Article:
Jeff Schober - The Buffalo News

Share this article

print logo

Jeff Schober

Jeff Schober is the author of "Bike Path Rapist," "Growing Up Gronk," and a series of crime novels set in Buffalo in the 1980s .  His most recent book, "Faces and Fingertips," is available now. Visit his website at www.jeffschober.com.


Gusto

When Matt Keeler was a sophomore at Notre Dame High School in Albion, he combined two areas of interest — hockey and graphics — and began creating designs for baseball caps and T-shirts. “Being around the sport my whole life, and having a passion for the game and also for creativity, there was nothing in the hockey market that served those two things,” he said. …

Gusto

Last June, Jack O’Donnell and his wife, Marina, couldn’t wait for the state legislature to wrap up the year’s business. “We were in Albany for the end of the session,” O’Donnell said. “When they adjourned, my wife and I and two kids piled into the car and drove home. We’ve been trying to get this great old house up and running ever since.” O’Donne…

Gusto

After spending 18 months in Los Angeles learning the business side of social media, Nik Metcalf returned to Western New York to promote his hometown. Metcalf, a 2012 Williamsville East graduate, began experimenting with social media in high school. He and a friend posted jokes and funny pictures to Twitter, and soon realized they could make money doing it. “It wasn…

Gusto

As a teenager, Jeff Brown rode a metro bus from his home in South Buffalo to McKinley High School in North Buffalo nearly every day. He stared out foggy windows, wondering why parts of the city seemed so desolate. “I couldn’t understand why no one was hanging out here,” he said. “People didn’t want to be downtown. For some reason, everybody would rather move t…

Gusto

For Ron and Ginny Kemp, the biggest challenge about returning to Western New York after 12 years in Minnesota has been trying to seed a new lawn. “Try growing grass in the worst drought since 1943,” Ron lamented. That was never a worry in Minnesota. Homes there have irrigation systems to combat summer’s heat. Not so for their new build in Wheatfield, where the coup…

Gusto

Having suffered through Buffalo snowstorms and then tornadoes in the midwest, Sean and Angela McKenna would prefer a snowstorm any day. The Western New York natives have lived in Moore, Okla., since 2009. On May 20, 2013, a EF5 tornado tore through their town, destroying homes and schools and killing more than 50 people. Hundreds were injured. “We were blessed that we …

Gusto

Two events influenced Williamsville native William Paul Freeman to consider moving to the Southwest. Both were rooted in the education he received in Western New York. Freeman, 24, currently works as a fifth grade teacher in Clark County Schools, instructing at-risk students while holding a second job as director of music ministry at St. Anthony of Padua Catholic Church. …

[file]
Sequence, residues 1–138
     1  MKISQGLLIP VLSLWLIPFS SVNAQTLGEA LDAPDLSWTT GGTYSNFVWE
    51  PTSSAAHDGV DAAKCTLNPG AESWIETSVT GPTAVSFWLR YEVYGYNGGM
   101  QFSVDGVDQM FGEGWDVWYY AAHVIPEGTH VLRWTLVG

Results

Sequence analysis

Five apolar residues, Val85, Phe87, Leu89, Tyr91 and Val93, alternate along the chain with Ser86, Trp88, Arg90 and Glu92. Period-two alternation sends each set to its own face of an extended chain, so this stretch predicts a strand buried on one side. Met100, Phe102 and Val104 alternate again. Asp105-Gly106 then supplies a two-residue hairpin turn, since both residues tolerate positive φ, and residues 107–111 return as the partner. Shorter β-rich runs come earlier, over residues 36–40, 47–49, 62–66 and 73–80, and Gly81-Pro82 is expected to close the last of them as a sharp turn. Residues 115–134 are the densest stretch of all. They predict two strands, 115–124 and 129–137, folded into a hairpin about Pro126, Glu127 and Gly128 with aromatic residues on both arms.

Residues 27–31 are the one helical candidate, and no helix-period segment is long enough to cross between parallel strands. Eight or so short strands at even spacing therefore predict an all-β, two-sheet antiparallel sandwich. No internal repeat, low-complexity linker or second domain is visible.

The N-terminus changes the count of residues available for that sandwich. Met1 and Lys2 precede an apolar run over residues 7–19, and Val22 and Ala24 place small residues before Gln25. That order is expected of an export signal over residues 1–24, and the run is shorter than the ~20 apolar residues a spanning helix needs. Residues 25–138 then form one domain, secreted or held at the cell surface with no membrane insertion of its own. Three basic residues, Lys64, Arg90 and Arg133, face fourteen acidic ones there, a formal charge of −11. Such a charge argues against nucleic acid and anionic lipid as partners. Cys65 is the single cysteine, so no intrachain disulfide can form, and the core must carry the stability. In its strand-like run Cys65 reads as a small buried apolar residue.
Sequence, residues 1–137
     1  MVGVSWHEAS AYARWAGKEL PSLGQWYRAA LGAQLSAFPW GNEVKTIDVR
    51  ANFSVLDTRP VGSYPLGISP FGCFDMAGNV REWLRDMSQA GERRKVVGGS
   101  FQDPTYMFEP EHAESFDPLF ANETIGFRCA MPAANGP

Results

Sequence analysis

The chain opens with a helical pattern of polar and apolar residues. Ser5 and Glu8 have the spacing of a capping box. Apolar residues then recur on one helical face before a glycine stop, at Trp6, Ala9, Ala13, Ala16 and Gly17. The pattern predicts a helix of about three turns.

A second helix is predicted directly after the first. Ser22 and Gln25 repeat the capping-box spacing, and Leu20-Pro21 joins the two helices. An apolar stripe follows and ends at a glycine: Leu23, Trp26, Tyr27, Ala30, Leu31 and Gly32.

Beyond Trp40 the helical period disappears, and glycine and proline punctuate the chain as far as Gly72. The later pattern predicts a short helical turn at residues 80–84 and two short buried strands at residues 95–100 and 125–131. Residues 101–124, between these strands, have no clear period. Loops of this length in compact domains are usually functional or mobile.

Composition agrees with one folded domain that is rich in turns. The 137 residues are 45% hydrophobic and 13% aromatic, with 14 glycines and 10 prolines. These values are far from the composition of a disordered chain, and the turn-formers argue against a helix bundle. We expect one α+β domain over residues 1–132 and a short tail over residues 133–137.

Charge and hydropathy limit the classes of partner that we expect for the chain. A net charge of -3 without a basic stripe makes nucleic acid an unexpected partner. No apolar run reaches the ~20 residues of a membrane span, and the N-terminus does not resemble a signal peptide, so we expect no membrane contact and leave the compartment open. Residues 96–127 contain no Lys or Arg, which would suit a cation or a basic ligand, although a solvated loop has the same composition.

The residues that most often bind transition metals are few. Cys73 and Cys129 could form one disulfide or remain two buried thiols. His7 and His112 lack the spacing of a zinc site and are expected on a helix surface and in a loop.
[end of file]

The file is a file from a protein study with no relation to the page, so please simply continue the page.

Gusto

After planning to move for several years, on Thanksgiving Day 2015 Jennifer Staerker pulled into the driveway of her family’s new home in South Wales. Before making the move from Florida, Jennifer had only seen video of her new home, relying on Google Maps and the judgement of her husband, Patrick. He had visited the property firsthand and assured her that this was the …

Gusto

Building a career in Buffalo had always been the plan for Orchard Park native Jon Pierowicz — but first he wanted to travel the world. Pierowicz, 32, returned to the Queen City in April when he was hired as a real estate attorney for Phillips Lytle LLP. The prior 13 years were a whirlwind that included living in Boston, Connecticut, Prague, Missouri, Arizona, Santa Mon…

Gusto

You have probably never met Bob O’Connor, but after reading any of his frequent “My View” columns in The Buffalo News, you’ll feel like you have.  Sharing a sharp wit and pinpoint insights, O’Connor has become something of a local celebrity across Western New York because of his words. The Hamburg resident, a retired civil engineer, mixes “everyman” observa…

Gusto

Early in their marriage, there was an opportunity for Alex and Jennifer Adema to relocate to Washington, D.C. But they decided to make Western New York their permanent home and raise a family here. The Ademas have four children: Amelia, 9; Josephine, 7; Vera, 5; and Emmett, 3. “I always say that if people complain about Buffalo, they aren’t doing it right,” Jennif…

Gusto

By the 1990s, Cindy Hebert was tired of Buffalo, eager to uproot for someplace warmer. In her mid-20s, she had met her husband in New York while he served in the Coast Guard, and they agreed that Florida would be a better place to make their home. “I was young and thought the grass was greener somewhere else,” Hebert said with a laugh. “Part of me always wanted to g…

Gusto

After Hurricane Katrina devastated the Gulf Coast in 2005, the region set out to recover and rebuild. The area was rife with job opportunities for young professionals, especially in the medical field. Newly married, each having earned a Ph.D., Ramon and Lizette Rivera chose to leave Philadelphia, where Ramon completed his fellowship and Lizette attended graduate school,…

Gusto

The two-day drive from Buffalo to Kansas City with a four-month old and a 4-year-old is, by any definition, a challenging trip.  But a job in radio programming lured Joe Russo to America’s heartland, so last fall, the young family loaded up the car and set out on the 18-hour trek. Joe, who worked locally at Jack-FM, grew up in West Seneca, while his wife, Alison — a …

Gusto

In 2007, after retiring from a management job at Walt Disney World in Florida, MaryAnn DuKane returned to Western New York to care for two elderly aunts. She grew up in the 1940s and '50s in a large white house on the corner of Camp and Lake Shore roads in Athol Springs, Hamburg. After marrying Adam Domanski, they moved directly across the street, remaining within sight o…